When you’re creating your images, both the quality and composition of each image is key. And don’t forget they also have to work well online. It all starts with good photography. Good photography can get you the right lighting, angles, color, background and props.
A photo with poor lighting can cast shadows that obscure the product, but good lighting can add shadows which bring depth and dimension.
For example, drop shadows are subtle and can be created during the shoot or in post production. Look at the difference between this jewellery product picture with and without a drop shadow.
Here’s a handy guide to adding drop shadows using photoshop if you didn’t manage to get them during the shoot.
And you can play with all types of lighting and shadows:
- Natural shadows are created from using a natural light source such as the sun through a window.
- Reflective shadows can be made by using a reflective surface under the product.
- Cast shadows can be produced in a variety of ways in your photo studio.
Here’s a simple yet effective product pic from the Shopify store herbivore botanicals that uses natural lighting. The look really fits their identity as a brand that uses natural products.
The creative use of cast shadows in this product photo for beauty brand Prescription Lab give it a real energy.
Explore these options to find the look that best fits your product and site. Only you know your goals for BFCM, but the lightning and shadow of your product images should serve them.
Angles and views
Showing multiple views of your product will significantly improve your conversion rates. They will help your customers understand the size and shape of the product, and help them better visualize the product as a whole.
To complete the visualization, make shots of the front, back, diagonal, bottom, top, and interior, and then any details of the product available. Imagine what your customer might want to know about such a product. But don’t overwhelm the shopper with too many images. Instead, use enough that the customer can truly understand the product. This range of angles for a pair of high heels provides just the right number of perspectives for the user to get a full idea of the product.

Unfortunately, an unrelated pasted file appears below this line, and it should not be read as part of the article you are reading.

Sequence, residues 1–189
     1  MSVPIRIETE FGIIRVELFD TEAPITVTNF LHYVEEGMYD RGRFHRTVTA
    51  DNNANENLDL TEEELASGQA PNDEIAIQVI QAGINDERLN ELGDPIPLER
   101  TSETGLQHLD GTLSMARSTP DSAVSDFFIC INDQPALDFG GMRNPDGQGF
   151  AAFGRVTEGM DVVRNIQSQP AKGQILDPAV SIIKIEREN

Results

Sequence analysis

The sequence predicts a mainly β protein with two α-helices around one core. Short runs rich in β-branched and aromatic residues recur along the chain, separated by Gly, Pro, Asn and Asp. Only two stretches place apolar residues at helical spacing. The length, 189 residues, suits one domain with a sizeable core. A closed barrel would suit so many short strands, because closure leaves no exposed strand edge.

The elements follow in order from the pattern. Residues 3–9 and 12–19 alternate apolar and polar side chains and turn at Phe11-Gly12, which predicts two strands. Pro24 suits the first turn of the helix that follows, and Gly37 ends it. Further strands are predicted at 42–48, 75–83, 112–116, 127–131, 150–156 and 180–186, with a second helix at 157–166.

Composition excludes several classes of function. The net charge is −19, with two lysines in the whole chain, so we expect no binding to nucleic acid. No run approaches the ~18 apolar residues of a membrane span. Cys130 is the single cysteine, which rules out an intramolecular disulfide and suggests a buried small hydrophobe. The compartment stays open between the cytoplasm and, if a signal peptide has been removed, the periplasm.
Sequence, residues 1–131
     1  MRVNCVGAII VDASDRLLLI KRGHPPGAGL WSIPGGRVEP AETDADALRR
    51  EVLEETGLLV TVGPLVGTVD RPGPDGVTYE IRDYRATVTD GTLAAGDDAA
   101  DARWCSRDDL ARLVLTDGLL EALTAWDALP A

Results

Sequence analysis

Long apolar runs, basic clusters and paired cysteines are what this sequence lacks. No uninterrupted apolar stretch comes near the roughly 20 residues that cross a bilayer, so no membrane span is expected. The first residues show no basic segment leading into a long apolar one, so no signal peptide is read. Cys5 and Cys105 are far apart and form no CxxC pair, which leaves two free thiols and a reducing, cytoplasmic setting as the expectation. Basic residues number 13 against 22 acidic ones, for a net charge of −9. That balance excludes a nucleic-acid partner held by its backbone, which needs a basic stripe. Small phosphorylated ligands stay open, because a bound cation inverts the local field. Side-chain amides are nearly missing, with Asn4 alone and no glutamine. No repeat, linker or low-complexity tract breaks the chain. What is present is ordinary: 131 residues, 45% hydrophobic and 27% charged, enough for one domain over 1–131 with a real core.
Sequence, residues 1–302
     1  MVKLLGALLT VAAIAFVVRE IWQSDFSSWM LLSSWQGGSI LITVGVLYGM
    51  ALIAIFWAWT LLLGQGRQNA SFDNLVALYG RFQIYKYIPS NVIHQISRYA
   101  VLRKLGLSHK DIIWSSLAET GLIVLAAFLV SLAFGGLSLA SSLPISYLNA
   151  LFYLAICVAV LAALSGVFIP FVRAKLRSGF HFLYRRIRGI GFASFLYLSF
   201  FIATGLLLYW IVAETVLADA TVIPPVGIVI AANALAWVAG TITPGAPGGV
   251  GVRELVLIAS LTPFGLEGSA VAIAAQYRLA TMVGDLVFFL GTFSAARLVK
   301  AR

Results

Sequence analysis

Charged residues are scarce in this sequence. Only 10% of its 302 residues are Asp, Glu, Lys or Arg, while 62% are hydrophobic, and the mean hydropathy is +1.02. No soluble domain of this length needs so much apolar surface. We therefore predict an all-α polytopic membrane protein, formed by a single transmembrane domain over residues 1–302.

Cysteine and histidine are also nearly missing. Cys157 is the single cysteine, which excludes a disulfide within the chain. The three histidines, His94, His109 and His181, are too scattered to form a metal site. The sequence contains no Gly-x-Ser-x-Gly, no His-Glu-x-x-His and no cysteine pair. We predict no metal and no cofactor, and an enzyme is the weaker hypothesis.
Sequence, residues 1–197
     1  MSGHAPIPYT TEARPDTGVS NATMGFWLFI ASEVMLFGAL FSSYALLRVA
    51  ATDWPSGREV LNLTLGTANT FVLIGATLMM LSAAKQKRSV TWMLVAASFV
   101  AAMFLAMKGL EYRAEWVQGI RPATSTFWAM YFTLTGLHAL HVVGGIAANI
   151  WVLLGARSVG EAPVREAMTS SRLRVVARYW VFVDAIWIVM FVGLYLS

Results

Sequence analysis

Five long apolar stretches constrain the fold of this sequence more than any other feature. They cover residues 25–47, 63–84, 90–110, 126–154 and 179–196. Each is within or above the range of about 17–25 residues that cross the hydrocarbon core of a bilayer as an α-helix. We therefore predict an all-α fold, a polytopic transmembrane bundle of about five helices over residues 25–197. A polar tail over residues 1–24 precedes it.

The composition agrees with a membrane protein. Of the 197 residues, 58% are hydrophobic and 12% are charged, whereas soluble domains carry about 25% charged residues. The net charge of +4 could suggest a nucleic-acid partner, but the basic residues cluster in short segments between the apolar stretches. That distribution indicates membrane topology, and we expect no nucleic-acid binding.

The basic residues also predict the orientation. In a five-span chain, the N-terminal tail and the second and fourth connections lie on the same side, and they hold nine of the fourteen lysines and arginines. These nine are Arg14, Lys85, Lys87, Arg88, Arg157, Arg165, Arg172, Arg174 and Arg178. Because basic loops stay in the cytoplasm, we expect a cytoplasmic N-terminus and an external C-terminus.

Color is another important feature during the online shopping experience. You should make sure your images show the correct color in order to show your customers exactly what they are getting. This will reduce returns (which are notoriously high over the BFCM weekend).
Don’t forget that different computer screens and even different web browsers have a different color profile. This means that every screen and browser interprets colors slightly differently. To deal with this, I recommend you change your .jpeg files to the sRGB color profile.
This image illustrates the browser problem perfectly, showing how the same image could appear in different browser depending on whether it uses the sRGB color profile or not.
Background is another important factor to consider when creating your online product images. For most products a plain white background is most suitable -- clean and plain is usually key. I recommend using the same background for all your products to add consistency and professionalism to your site.
Occasionally the use of props can be a useful addition to your image, especially if you need to show the functions of a product or the size of it. And, as mentioned above, BFCM may feature seasonal or other products that beg for such additions.
However, make sure any prop does not draw attention away from the product, and only consider them in one picture of the series. For example, a useable clothing accessory might benefit from a single picture on a model.
The Shopify cookware store UnoCasa does a nice job of showing the product both individually, and with props in a real life context.
This gives an excellent idea of how the product will feel to use and how much space it will take up, key factors when purchasing an item like this tortilla press.
Step 2: Optimizing your images for your Shopify store